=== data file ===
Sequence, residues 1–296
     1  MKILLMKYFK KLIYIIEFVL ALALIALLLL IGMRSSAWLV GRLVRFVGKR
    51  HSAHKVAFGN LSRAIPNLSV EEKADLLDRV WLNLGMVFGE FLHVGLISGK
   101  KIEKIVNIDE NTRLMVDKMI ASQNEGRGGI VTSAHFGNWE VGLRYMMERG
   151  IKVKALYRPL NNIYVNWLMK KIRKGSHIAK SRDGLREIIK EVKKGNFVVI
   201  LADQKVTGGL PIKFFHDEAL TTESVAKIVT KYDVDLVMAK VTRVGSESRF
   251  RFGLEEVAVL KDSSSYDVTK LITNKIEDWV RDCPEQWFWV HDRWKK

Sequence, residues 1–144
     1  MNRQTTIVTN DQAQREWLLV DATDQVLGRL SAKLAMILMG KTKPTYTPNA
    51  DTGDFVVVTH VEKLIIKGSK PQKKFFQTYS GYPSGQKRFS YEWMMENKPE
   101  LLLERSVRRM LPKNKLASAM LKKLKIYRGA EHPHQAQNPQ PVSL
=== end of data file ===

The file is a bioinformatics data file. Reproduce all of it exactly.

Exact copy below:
Sequence, residues 1–296
     1  MKILLMKYFK KLIYIIEFVL ALALIALLLL IGMRSSAWLV GRLVRFVGKR
    51  HSAHKVAFGN LSRAIPNLSV EEKADLLDRV WLNLGMVFGE FLHVGLISGK
   101  KIEKIVNIDE NTRLMVDKMI ASQNEGRGGI VTSAHFGNWE VGLRYMMERG
   151  IKVKALYRPL NNIYVNWLMK KIRKGSHIAK SRDGLREIIK EVKKGNFVVI
   201  LADQKVTGGL PIKFFHDEAL TTESVAKIVT KYDVDLVMAK VTRVGSESRF
   251  RFGLEEVAVL KDSSSYDVTK LITNKIEDWV RDCPEQWFWV HDRWKK

Sequence, residues 1–144
     1  MNRQTTIVTN DQAQREWLLV DATDQVLGRL SAKLAMILMG KTKPTYTPNA
    51  DTGDFVVVTH VEKLIIKGSK PQKKFFQTYS GYPSGQKRFS YEWMMENKPE
   101  LLLERSVRRM LPKNKLASAM LKKLKIYRGA EHPHQAQNPQ PVSL